Wednesday, October 19, 2011

Open Season: Tough to beat a Minnesota ruffed grouse hunt

By: Tyler Shoberg, West Fargo Pioneer

 As my dog and I rounded the bend, the birch-laded woods appeared to part like intricately painted cardboard props in a Shakespearian play. A stick- and leaf-strewn path popped into view that almost looked too perfect; too serene.

Late afternoon sunlight filtered through yellow leaves to cast a daylily glow under the pockmarked canopy. The ground mirrored that which hung overhead, as I crunched through a growing carpet of golden leaf litter.

Up ahead, my German wirehaired pointer, Remy, paused his search to sniff the base of a tree. Clad in a blaze-orange skid plate to protect his susceptible underside, the gray-ticked and roan dog perked up suddenly as if remembering what he was out in the woods to do, and raced back into the brush in pursuit of our prey.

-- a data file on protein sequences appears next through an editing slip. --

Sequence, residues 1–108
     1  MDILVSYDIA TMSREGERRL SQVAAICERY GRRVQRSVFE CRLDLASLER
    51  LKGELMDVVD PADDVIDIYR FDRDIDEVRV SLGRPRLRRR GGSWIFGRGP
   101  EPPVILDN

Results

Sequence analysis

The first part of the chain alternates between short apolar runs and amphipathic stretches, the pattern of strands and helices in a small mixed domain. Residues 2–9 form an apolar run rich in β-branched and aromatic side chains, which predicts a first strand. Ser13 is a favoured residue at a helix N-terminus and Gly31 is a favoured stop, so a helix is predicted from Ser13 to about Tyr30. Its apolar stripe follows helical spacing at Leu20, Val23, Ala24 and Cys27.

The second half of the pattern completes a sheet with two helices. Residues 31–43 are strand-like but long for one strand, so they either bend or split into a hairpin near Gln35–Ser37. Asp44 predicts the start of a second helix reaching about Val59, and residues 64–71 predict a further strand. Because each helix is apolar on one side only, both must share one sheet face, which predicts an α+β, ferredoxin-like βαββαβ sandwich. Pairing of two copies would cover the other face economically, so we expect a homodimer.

I inhaled deeply, filling my lungs to capacity with the damp, piney, saturating scent of northern Minnesota. With each breath, it was as if I was cleansing myself with a cedar-lined, wood-stoked sauna for the soul.

This was why I was here – this was what fall was all about.

During a person’s lifetime, his or her brain processes, sorts and files seemingly countless moments; from the most finite and simplistic to the long-term and ornate.

Since returning from my most recent trip to Minnesota’s ruffed grouse capitol, I’ve tried desperately to mentally replay the four-day stretch in an effort to keep each and every memory, no matter how obscure, as crisp and clear as when it was made.

But even though it’s been just a few weeks, I can feel the edges blur; the colors fade. Little things, like what I ate for breakfast or how many trails we walked one morning, already are tough to recall.
Other aspects, however, remain crystal clear.

Like the first grouse of the trip; that was a surprise – which, come to think of it, really wasn’t all that surprising.

Read The Rest Of The West Fargo Pioneer Article

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